All in Great Depression History
Takeaway: Why not use the root cellar and sand strategy to store not only the root vegetables that come from your garden, but . . .
England Foodways--How do we define them now? How should that change? What are the challenges? What does a regional sense of place through cuisine look like? How does the past inform this? How can the storytelling surrounding New England cuisine be stronger/better/more informed? What does that look like here in Boston/Cambridge vs. in the region as a whole?
In part three of our series on Big Quarterly, a revival/food festival that had been held in the city of Wilmington Delaware, we talk about how the event evolved since the antebellum period. By the time Great Depression (1929-1941) Big Quarterly continued to attract large crowds of churchgoing African-Americans of all denominations which viewed it as ...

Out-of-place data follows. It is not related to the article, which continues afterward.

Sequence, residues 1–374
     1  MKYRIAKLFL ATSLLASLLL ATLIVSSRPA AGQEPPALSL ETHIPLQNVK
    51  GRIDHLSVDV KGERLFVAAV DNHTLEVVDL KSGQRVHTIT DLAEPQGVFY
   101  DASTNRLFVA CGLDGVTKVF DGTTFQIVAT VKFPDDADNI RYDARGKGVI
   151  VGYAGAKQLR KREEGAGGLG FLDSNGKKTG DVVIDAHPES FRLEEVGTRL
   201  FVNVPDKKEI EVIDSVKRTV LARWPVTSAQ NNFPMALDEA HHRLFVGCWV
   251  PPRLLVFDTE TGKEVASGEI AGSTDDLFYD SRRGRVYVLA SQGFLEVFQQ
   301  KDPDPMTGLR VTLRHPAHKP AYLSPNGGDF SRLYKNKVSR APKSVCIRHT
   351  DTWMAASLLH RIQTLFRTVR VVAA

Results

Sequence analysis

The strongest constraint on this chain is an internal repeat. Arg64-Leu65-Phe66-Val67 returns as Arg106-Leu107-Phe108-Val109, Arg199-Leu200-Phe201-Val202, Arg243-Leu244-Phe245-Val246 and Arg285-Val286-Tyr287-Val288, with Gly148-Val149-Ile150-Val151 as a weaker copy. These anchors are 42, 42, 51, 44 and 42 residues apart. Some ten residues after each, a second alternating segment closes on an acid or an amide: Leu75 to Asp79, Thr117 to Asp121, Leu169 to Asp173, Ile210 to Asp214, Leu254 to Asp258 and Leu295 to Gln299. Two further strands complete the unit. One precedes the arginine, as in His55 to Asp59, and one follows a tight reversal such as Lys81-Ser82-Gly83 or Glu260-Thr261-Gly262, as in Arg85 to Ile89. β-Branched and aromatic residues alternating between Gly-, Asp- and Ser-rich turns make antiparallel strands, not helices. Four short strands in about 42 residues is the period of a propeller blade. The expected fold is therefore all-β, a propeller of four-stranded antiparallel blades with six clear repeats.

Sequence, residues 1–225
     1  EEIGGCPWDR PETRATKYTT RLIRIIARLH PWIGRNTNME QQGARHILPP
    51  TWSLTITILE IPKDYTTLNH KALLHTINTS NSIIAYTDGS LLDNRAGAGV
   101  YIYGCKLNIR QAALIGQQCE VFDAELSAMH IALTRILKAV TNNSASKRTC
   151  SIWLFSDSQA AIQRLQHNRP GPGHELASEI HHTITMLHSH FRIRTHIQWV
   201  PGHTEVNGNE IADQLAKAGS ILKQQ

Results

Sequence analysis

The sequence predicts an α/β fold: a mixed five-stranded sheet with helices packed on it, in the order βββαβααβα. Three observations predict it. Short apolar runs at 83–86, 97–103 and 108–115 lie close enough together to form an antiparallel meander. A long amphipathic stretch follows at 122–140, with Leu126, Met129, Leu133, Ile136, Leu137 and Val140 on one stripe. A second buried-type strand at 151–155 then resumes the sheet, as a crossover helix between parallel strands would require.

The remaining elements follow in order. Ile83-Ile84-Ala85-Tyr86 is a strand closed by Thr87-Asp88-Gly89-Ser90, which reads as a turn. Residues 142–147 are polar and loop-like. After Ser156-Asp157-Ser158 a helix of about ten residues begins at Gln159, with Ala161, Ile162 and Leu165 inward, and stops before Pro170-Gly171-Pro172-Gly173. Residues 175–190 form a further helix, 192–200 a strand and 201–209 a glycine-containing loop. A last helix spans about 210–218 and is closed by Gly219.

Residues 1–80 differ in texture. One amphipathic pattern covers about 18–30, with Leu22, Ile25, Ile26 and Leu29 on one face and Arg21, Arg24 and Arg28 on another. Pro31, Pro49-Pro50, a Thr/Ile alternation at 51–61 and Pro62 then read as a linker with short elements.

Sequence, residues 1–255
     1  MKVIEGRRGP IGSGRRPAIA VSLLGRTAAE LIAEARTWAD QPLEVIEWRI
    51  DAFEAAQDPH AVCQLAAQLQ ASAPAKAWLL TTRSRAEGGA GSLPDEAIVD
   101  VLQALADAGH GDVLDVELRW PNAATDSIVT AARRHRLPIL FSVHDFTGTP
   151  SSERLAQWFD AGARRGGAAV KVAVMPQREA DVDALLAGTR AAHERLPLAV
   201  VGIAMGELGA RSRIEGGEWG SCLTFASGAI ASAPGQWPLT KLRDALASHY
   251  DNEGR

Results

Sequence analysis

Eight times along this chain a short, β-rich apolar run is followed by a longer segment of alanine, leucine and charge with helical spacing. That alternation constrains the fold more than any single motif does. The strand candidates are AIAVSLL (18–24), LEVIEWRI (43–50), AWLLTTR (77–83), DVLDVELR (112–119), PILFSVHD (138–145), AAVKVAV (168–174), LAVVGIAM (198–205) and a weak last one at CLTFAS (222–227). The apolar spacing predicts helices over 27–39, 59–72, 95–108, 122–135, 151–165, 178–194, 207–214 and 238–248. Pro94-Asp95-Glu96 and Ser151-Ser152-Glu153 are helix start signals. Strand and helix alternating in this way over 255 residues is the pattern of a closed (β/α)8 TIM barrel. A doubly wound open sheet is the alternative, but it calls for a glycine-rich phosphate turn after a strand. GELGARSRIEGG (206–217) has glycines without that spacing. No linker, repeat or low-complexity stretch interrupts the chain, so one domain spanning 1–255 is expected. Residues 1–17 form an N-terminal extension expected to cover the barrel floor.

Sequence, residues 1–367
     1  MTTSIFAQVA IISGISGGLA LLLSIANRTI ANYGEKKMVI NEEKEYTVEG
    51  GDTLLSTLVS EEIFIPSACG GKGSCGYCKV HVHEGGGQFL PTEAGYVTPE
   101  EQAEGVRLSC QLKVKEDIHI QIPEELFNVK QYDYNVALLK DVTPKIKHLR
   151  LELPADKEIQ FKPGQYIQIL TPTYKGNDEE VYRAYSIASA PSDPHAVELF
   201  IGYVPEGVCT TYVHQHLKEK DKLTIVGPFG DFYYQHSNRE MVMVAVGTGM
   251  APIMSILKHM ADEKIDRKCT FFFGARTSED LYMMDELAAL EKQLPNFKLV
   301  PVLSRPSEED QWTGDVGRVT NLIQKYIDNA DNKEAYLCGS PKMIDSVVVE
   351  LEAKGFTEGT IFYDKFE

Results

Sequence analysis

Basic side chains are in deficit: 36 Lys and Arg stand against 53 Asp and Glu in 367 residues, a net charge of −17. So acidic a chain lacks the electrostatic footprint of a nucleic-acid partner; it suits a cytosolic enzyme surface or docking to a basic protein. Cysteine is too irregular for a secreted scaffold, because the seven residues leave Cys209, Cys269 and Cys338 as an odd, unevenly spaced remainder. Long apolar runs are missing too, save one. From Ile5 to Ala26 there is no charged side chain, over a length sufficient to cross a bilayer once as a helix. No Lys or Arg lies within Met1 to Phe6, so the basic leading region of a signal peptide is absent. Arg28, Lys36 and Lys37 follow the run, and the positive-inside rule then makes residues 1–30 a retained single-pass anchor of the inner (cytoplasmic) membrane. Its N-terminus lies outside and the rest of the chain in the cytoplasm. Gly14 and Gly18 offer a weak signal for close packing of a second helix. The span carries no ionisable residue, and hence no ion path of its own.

In August historically the most enthusiastically attended African-American event in the state of Delaware had been Big Quarterly a celebration held in the city of Wilmington. It attracted attendees from as far away as Georgia, West Virginia, and New York. It had been a day of . . .
I learned from oral histories and sources, like this 1940 Caswell County North Carolina image from the library of Congress, that long ago, rural folks would purchase a block of ice and chip off what they needed with an ice pick to make homemade ice cream.
In this podcast, Food Historian Fred Opie talks about his book on Florida native, anthropologist, and writer Zora Neale Hurston and his findings on southern barbecue.